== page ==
Bellman & Black by Diane Setterfield

bellman-and-blackFormat: E-book galley

Length: 336 pages

Publisher: Atria Books

Source: NetGalley

From the publisher:


Caught up in a moment of boyhood competition, William Bellman recklessly aims his slingshot at a rook resting on a branch, killing the bird instantly. It is a small but cruel act, and is soon forgotten. By the time he is grown, with a wife and children of his own, William seems to have put the whole incident behind him. It was as if he never killed the thing at all. But rooks don’t forget . . . 

Years later, when a stranger mysteriously enters William’s life, his fortunes begin to turn—and the terrible and unforeseen consequences of his past indiscretion take root. In a desperate bid to save the only precious thing he has left, he enters into a rather strange bargain, with an even stranger partner. Together, they found a decidedly macabre business. 

And Bellman & Black is born.

Here’s what I thought:

A lot of people read and fell in love with Setterfield’s first book, The Thirteenth Tale. I have a feeling that when her latest book, Bellman & Black, was announced, those people were expecting a similar story and were perhaps disappointed by what they found. At least, that’s the impression I’ve gotten from many of the reviews I have read up to this point. I enjoyed The Thirteenth Tale but it didn’t bowl me over, and so while I was interested to read Bellman & Black, I didn’t go into it with any particular expectations. This is one reason why I was so pleasantly surprised by what I found.

Although the subtitle of the book is ‘A Ghost Story’, I think it would be more accurate to say that B&B is a fable. It tells the story of William Bellman, a man who experiences a traumatic event in childhood which consequently follows him throughout the rest of his life. In telling Bellman’s story, Setterfield tackles issues of morality and mortality in the setting of Victorian England, a time period with a fixation on death and mourning.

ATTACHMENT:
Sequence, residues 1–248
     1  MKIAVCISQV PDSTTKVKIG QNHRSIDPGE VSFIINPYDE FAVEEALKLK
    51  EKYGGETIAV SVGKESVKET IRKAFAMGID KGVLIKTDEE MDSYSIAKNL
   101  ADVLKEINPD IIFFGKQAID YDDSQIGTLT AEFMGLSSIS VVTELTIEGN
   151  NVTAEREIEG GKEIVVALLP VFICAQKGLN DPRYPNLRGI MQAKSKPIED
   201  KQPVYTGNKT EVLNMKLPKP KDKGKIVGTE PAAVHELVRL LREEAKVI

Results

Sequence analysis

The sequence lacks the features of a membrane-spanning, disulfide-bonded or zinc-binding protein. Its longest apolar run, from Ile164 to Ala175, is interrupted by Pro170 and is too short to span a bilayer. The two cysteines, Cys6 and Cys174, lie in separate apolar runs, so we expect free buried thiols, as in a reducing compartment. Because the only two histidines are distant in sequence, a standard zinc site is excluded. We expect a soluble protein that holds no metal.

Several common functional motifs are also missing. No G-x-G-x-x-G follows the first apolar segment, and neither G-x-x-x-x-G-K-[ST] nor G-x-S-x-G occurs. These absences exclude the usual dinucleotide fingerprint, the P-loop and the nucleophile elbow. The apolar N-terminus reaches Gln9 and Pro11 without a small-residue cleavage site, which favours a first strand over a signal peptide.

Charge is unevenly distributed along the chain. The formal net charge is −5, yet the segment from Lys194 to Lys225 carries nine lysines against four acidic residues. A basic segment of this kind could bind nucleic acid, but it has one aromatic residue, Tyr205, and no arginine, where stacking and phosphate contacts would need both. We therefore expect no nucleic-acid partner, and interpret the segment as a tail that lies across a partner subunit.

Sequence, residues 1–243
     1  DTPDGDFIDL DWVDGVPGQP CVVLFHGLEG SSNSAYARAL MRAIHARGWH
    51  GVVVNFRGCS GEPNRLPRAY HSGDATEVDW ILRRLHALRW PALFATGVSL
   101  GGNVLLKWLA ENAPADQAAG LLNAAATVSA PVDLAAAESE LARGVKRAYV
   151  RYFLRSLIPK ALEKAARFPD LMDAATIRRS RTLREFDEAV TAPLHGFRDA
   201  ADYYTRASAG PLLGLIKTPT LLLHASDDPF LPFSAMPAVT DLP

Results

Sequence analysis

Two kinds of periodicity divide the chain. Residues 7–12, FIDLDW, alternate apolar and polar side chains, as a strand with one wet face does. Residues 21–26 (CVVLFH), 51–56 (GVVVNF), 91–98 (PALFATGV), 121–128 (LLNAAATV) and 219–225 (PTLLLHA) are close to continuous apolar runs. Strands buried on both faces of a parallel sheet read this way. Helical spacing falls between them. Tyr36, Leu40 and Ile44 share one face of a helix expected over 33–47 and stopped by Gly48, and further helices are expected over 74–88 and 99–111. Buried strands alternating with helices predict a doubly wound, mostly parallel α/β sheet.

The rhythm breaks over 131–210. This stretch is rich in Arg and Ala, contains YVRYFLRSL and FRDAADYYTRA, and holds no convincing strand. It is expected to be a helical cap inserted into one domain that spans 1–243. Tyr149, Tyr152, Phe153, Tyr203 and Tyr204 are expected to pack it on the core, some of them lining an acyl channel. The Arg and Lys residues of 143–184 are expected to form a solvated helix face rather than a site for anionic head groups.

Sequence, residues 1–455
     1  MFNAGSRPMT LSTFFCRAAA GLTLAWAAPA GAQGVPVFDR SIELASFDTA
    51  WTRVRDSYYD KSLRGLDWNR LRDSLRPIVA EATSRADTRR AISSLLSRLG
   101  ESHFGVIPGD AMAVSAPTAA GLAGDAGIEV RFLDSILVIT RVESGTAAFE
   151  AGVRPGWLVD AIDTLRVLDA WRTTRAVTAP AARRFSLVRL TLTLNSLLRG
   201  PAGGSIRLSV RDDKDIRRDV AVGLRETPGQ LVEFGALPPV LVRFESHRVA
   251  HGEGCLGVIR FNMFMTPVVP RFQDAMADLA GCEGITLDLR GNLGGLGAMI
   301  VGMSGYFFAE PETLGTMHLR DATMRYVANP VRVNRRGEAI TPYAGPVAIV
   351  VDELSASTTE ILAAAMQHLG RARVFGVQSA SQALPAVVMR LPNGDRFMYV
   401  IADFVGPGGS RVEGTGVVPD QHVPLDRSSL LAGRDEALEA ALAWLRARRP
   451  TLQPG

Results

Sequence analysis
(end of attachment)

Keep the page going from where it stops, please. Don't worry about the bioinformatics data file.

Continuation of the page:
The story is told from the point of view of an omniscient narrator, which fits perfectly with the events that unfold. There is an aura of tragedy that hangs over everything, almost as if the narrator were a dark shadow looming over Bellman as he goes about the business of his life. And the business of his life is exactly that–business–as efficiency and profitability are the watchwords of Bellman’s existence.

As with any fable, there is a moral at the end of the story, and I thought it was expertly conveyed. Setterfield is an atmospheric writer, with every scene lending itself to the overall effect and building up to the ultimate outcome. Although the ending is not a happy one, I couldn’t help but appreciate Setterfield’s talent in achieving it. Highly recommended.

Thanks so much to NetGalley and Atria Books for providing me with a copy of this book.

Buy from The Book Depository*


5 thoughts on “Bellman & Black by Diane Setterfield

  1. Kelly

    Great review! I remember loving The Thirteenth Tale, but I read it so long ago that I don’t remember a lot of the specifics. Seems that that might help me out when I read B+B.

  2. Peggy@Peggy Ann's Post

    I read this going in thinking it was a ghost story and I was disappointed. I think you are right, it is a fable and looking at it from that standpoint now I can appreciate it more. I still didn’t really care for it as it was was too bogged down with business detail and slow. But her way with words is beautiful. Thanks for giving me a new viewpoint!

  3. Trish

    I’m so glad to hear you enjoyed this one! Like you mention, so many people seem to be disappointed this one. I do think it helps to go into a story without expectations and it’s hard when you love the first book so much (I liked it but goodness that leading lady annoyed me!).

  4. Pingback: The November Wrap-Up | Too Fond

Leave a Reply

Fill in your details below or click an icon to log in: Logo

You are commenting using your account. Log Out / Change )

Twitter picture

You are commenting using your Twitter account. Log Out / Change )

Facebook photo

You are commenting using your Facebook account. Log Out / Change )

Google+ photo

You are commenting using your Google+ account. Log Out / Change )

Connecting to %s